Some Massachusetts legislators are looking to provide more funding for education and child care.
According to a statement, the Common Start legislation, HD.1960 (filed by Representatives Gordon & Madaro) & SD.1307 (filed by Senators Lewis & Moran), would establish a universal system of early education and child care for all Massachusetts families, over a 5-year timeline. This universal system would provide free early education and care for children from birth through age 5, as well as after- and out-of-school time for children ages 5-12, and for children with special needs through age 15.
Programs would be available in early education and child care centers, private homes, and schools.
“The bill provides a framework to increase the scope of public investment in early education and child care with an incremental roll-out over 5 years that prioritizes the lowest-income, highest-need families.”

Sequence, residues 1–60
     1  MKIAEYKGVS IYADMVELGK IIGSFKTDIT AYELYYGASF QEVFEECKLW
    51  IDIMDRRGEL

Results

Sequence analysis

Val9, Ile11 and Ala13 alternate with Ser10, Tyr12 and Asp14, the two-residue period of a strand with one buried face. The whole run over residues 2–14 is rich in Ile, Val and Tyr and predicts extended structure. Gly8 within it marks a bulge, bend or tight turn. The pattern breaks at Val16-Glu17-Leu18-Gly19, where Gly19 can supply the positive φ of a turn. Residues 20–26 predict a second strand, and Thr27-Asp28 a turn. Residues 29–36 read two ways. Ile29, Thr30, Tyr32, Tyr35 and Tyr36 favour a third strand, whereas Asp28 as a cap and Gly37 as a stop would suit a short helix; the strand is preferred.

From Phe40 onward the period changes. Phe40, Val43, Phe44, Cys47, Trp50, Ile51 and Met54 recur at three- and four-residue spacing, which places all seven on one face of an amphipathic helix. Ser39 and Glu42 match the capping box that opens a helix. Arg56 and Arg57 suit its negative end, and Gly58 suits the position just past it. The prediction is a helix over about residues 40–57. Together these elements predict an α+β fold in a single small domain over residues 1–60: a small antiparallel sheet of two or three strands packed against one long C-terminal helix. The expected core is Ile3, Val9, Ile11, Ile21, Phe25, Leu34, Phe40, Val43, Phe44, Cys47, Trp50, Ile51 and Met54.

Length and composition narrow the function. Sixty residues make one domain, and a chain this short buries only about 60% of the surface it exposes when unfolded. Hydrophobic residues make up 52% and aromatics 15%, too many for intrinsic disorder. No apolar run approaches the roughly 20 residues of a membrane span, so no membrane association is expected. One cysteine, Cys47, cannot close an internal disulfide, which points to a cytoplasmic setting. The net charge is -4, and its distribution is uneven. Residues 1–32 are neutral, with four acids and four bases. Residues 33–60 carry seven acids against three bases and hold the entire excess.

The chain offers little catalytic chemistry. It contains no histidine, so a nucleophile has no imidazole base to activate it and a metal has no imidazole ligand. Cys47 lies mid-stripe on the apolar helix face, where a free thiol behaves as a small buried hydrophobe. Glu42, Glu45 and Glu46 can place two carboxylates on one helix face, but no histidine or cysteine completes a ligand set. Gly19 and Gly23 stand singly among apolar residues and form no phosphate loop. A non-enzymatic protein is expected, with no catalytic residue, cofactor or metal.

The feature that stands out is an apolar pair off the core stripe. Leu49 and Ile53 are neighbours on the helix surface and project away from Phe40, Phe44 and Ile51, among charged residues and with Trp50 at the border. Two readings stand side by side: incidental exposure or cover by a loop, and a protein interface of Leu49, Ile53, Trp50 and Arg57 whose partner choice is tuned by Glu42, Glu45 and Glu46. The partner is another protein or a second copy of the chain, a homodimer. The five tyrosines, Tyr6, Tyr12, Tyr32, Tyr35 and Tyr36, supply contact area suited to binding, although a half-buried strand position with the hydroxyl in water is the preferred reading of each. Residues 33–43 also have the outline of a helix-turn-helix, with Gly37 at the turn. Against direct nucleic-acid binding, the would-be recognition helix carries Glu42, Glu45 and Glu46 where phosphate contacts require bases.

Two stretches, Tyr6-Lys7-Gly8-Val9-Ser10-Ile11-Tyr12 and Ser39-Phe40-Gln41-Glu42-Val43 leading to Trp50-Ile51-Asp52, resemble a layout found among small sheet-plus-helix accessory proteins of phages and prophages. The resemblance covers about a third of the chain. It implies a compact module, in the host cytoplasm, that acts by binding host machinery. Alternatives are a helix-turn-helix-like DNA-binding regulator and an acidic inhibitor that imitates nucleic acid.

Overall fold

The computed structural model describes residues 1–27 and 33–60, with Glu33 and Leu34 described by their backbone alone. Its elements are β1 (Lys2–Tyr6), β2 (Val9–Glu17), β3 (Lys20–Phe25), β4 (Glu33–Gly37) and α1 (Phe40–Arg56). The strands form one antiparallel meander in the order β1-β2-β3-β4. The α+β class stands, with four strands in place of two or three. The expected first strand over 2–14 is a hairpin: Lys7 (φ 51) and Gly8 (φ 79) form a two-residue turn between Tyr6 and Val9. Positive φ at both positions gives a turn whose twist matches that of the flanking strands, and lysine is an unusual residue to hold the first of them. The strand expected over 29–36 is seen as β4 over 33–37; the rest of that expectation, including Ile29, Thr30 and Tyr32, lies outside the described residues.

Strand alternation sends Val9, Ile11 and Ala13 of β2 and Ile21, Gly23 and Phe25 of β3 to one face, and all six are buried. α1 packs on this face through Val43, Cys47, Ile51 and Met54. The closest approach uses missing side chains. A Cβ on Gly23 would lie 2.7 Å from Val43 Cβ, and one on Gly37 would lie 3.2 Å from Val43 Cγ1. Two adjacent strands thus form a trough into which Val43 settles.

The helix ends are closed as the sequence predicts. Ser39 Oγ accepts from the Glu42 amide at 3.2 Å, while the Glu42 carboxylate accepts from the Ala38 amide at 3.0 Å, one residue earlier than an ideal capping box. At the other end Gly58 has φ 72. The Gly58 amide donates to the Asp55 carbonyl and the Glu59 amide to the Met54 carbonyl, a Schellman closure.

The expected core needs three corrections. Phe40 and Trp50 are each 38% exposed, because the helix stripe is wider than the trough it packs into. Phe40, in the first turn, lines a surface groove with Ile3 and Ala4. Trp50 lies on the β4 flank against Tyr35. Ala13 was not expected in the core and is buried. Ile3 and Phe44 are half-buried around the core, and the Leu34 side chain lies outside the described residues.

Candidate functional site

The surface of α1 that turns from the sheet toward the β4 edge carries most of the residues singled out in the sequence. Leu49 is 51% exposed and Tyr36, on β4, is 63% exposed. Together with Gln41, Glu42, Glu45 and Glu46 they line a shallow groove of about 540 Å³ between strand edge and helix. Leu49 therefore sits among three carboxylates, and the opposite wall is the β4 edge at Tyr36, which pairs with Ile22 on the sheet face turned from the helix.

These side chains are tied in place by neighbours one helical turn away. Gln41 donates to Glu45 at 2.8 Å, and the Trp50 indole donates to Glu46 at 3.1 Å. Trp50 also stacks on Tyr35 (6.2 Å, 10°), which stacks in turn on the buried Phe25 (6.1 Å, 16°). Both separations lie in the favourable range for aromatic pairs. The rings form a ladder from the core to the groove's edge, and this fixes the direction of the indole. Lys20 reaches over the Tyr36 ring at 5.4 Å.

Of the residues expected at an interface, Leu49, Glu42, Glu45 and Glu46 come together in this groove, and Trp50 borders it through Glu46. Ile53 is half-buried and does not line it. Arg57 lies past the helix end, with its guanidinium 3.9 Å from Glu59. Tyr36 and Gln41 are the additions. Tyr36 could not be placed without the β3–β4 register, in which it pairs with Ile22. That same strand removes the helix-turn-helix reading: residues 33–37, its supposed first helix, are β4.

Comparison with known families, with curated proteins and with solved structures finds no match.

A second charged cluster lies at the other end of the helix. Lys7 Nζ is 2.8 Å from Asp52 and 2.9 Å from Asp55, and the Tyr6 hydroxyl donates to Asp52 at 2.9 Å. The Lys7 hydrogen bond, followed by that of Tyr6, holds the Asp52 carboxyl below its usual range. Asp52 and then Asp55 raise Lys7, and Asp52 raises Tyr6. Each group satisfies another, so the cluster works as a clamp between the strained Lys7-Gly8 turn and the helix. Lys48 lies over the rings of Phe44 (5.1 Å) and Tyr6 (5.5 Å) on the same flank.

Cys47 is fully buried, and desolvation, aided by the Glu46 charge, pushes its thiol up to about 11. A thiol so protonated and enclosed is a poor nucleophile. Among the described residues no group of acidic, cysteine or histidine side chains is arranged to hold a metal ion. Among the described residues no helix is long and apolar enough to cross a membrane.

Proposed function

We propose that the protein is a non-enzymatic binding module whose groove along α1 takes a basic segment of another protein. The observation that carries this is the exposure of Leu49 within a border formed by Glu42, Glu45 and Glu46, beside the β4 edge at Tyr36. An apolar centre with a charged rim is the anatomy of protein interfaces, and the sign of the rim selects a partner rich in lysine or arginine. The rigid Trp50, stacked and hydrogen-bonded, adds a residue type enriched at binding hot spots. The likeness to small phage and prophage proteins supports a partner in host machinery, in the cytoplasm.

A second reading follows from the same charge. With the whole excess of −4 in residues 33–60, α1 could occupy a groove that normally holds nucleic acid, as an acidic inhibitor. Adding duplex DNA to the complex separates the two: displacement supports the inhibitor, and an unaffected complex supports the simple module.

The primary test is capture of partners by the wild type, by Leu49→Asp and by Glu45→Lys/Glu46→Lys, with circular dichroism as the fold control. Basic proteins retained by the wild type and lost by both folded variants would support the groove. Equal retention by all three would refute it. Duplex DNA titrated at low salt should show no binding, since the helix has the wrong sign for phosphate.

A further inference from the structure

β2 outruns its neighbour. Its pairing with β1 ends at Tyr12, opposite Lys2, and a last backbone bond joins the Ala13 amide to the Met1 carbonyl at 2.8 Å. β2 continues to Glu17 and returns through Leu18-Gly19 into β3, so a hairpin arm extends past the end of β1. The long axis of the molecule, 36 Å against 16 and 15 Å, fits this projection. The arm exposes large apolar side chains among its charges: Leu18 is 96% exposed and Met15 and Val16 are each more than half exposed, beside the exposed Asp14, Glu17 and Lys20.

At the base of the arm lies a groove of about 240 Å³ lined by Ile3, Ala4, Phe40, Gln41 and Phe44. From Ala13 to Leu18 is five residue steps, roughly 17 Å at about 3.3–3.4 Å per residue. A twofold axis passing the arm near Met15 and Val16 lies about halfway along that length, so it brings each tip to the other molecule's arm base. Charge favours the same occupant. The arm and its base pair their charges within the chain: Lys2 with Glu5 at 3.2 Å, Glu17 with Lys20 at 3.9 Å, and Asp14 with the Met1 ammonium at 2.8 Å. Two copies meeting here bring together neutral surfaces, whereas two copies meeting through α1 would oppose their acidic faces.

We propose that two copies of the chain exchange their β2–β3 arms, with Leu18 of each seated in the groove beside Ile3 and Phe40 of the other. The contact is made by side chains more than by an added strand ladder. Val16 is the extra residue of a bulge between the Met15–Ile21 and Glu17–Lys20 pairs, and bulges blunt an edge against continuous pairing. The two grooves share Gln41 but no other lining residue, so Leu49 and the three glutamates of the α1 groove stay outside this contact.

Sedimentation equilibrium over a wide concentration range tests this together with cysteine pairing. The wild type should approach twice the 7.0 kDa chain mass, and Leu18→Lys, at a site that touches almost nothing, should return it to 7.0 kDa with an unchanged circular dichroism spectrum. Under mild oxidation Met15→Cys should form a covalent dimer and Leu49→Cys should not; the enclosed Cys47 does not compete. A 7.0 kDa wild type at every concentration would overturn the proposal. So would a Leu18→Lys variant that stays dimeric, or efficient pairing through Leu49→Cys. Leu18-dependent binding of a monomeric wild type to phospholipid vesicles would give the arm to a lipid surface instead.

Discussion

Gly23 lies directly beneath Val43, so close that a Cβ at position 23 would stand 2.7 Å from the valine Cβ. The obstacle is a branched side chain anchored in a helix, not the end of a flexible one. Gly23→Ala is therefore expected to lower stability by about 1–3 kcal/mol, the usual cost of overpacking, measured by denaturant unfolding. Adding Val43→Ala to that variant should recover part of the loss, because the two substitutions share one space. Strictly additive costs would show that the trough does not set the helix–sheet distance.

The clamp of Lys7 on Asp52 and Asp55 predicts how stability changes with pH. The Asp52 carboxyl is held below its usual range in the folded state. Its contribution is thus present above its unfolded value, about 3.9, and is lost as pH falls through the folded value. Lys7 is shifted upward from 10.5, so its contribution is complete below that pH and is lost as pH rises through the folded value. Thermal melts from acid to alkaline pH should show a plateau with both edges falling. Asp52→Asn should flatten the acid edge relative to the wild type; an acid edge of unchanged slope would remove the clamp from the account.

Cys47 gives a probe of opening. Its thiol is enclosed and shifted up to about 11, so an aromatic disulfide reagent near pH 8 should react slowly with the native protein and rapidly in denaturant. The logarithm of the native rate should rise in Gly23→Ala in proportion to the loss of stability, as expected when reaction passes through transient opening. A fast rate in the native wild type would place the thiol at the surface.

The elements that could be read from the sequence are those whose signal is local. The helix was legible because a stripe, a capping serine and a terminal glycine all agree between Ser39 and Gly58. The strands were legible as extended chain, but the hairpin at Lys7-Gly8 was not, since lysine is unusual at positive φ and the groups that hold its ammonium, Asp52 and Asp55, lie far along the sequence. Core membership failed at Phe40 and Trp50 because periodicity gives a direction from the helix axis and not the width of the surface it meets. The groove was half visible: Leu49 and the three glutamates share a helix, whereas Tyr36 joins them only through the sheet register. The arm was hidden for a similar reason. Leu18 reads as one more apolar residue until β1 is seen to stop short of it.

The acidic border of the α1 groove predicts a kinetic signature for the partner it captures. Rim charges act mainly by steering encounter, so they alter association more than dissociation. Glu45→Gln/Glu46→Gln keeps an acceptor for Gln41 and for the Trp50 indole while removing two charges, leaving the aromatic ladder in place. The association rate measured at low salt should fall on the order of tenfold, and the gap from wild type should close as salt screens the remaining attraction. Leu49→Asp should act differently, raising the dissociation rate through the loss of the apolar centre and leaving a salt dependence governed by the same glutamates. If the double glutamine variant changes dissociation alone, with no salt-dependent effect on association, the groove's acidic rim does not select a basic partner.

“The Common Start legislation would dramatically increase the affordability and quality of early education and child care for all Massachusetts families. The bill’s framework uses a combination of direct-to-provider funding and ongoing family financial assistance to reduce costs to families while compensating providers for the true cost of providing quality care.”
According to the group, the legislation would create a new direct-to-provider funding allocation based on provider capacity (not attendance) that directly offsets provider’s operating costs, including higher educator pay.
Once fully implemented, families below 50% of statewide median income (50% of SMI today is $62,668 for a family of four, or $42,614 for a single parent with one child) would be able to access early education and child care options for free. Families with incomes above that threshold would pay no more than 7 percent of their total household income.CSC+Legislation+with+Headers